There was a mention of an intriguing new spice mixture at a blog that I read faithfully

so, of course I have been trying it out everywhere – with careful abandon!

I rubbed some on a pot roast last night before putting it into the pressure cooker. I was apparently too stingy because the flavor was very mild, even for wimpy ol’ me.

At table, DH was much more free with the shaker, and I shook a bit on mine, too. It mixed nicely with the au jus to bring an interesting flavor to the pot roast. I’ll be more bold next time.

I had expected to serve this with collard greens and mashers, but the collard greens turned out to be turnip greens. They were side by side in the produce department, and my apprentice shopper did the picking out. They were good; just different from what I had expected.

Today I am roasting a whole chicken in my Nesco roaster, so was very generous with slathering a good layer of the berbere on the outside of the chicken. I leave the skin on until serving time, so figured some of the ambience would cook into the meat, but the preponderance of it will remain on the skin, which we don’t eat. Low risk! ;->

Stay tuned for results.


About judilyn

RV'er, foody, caregiver, knowledge seeker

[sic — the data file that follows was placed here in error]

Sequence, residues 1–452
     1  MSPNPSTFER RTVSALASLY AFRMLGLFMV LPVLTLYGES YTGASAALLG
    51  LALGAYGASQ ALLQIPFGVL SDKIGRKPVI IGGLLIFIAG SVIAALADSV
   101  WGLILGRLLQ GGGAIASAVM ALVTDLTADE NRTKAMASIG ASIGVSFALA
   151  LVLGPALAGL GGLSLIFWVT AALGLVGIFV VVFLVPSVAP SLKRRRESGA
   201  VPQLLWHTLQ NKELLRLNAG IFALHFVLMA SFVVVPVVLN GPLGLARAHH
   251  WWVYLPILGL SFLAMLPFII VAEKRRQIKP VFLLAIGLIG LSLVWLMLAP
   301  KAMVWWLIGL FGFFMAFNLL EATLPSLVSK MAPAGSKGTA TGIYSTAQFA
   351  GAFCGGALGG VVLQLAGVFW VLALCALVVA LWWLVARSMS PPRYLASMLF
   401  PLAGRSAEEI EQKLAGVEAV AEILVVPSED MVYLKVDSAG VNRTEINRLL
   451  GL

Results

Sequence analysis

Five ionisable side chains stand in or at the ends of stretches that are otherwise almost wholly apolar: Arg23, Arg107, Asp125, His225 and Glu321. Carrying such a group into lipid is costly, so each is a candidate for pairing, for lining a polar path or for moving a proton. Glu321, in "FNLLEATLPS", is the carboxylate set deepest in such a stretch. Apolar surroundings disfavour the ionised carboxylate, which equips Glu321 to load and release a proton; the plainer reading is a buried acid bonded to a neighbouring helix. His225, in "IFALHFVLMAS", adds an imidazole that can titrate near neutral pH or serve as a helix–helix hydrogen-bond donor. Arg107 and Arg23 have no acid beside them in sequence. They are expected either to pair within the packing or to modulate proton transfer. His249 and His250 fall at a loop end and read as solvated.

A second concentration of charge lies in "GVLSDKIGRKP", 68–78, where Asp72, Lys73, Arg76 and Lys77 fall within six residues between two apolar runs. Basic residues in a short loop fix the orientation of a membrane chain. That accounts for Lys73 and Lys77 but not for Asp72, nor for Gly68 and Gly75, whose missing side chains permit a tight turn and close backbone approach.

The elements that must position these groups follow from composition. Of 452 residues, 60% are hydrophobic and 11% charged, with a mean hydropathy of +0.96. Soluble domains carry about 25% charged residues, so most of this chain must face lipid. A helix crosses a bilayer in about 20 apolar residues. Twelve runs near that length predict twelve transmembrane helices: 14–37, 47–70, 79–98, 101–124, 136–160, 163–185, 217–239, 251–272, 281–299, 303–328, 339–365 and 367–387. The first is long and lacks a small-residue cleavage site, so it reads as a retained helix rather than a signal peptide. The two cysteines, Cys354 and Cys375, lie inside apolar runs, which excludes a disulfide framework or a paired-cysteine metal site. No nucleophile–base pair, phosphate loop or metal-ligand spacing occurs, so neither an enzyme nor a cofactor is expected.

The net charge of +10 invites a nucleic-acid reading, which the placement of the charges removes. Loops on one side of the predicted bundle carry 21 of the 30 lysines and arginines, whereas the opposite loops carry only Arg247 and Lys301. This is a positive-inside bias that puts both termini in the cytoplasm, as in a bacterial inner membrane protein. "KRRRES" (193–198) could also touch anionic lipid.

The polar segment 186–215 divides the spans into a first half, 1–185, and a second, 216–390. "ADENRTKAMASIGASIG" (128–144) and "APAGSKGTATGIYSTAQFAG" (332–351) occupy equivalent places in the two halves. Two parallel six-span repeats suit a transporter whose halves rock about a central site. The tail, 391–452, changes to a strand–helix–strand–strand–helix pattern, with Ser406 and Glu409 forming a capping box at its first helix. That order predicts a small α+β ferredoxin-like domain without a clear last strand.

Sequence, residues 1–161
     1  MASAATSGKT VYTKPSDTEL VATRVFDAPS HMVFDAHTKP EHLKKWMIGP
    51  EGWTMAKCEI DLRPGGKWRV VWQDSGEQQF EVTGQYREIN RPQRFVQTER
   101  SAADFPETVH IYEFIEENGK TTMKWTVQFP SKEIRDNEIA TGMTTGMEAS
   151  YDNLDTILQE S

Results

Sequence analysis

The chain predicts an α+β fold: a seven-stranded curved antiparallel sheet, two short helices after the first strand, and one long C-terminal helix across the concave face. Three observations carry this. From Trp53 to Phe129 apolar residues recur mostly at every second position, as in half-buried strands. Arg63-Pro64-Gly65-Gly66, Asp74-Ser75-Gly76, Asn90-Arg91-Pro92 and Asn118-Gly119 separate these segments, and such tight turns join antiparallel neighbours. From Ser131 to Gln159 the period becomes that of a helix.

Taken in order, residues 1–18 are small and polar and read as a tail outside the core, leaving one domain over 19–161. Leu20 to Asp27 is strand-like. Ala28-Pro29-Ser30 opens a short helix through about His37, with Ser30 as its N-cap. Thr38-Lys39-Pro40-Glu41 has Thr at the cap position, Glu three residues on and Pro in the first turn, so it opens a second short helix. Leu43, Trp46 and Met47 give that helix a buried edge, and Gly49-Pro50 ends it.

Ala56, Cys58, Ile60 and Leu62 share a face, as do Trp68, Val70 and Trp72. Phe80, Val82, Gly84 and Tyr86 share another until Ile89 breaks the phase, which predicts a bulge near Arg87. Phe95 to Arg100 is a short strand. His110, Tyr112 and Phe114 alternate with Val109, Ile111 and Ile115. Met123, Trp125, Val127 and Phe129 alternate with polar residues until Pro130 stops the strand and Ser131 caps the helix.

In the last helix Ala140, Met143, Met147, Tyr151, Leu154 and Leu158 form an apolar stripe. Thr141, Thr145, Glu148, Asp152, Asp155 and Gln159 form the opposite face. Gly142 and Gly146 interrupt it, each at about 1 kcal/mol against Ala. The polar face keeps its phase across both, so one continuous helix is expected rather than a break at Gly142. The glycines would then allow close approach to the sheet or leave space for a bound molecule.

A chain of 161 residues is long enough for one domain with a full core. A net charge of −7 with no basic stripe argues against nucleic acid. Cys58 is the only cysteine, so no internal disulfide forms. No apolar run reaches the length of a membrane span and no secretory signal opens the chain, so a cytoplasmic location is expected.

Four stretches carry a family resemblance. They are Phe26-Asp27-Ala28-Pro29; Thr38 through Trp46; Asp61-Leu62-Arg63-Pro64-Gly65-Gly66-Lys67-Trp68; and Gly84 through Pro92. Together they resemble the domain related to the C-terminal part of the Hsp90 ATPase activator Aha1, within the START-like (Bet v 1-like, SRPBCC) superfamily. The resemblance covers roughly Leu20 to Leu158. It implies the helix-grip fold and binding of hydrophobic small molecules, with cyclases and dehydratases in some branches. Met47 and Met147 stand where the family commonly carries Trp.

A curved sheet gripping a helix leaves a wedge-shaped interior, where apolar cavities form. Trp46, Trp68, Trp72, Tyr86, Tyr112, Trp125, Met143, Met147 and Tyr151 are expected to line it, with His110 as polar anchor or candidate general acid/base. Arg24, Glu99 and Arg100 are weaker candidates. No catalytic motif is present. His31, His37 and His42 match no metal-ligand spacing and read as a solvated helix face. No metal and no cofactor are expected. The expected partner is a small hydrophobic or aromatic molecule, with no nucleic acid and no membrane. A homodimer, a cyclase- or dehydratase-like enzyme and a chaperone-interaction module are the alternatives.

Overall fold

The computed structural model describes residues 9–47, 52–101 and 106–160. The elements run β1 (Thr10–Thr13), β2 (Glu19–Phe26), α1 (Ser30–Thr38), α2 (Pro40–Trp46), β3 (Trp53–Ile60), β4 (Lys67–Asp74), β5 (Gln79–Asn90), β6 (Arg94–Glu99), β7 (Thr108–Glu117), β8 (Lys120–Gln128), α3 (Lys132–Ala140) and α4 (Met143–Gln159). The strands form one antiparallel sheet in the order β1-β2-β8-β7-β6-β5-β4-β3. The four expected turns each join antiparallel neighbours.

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21 Responses to BERBERE !!!

  1. gypsy97 says:

    The marinade sounds easy enough to make, but what is in the Ethiopian Berbere spice mix?

    • judilyn says:

      I mail ordered it from VitaCost (Frontier Brand), and it has all organic spices, which are:
      paprika, sea salt, cayenne, fenugreek, coriander, cumin, black pepper, cardamom, cinnamon, cloves, ginger and turmeric.

      I’m usually pretty skeptical of these multispice conglomerations, but this is a really good mixture that is very pleasing. It IS hot, though, at least to me. So be careful with it until you judge how it affects your particular taste buds.

      I haven’t tried the whole marinade yet, although I do have a package of thighs waiting to be the next experiment.

      • gypsy97 says:

        It sounds wonderful, but since I had my gallbladder removed, and even for several years before, I have had to avoid really spicy foods. I love them but they just don’t agree with me any more. But it sure sounds good.

  2. I love berbere, but I go with a milder version! Ethiopian food is great. I’ve successfully introduced picky eaters to it.

    • judilyn says:

      I’m not sure if this is mild or hot. I expected REALLY hot, but it was a lot milder than I had expected. I’m still sneaking up on it, though!

  3. Thanks for the link to my blog. ๐Ÿ™‚
    I’m glad you find uses for this special spice mix. Looking forward to see the roasted chicken post. ๐Ÿ™‚

  4. Clanmother says:

    “careful abandon” – I love this choice of words! I have never, ever heard of Berbere before. I had to look it up on Wikipedia. I was especially interested to find that Berebere sometimes encompasses herbs and spices that are less well known internationally. (i.e. korarima and long pepper) I have never, ever heard of long pepper.

    • judilyn says: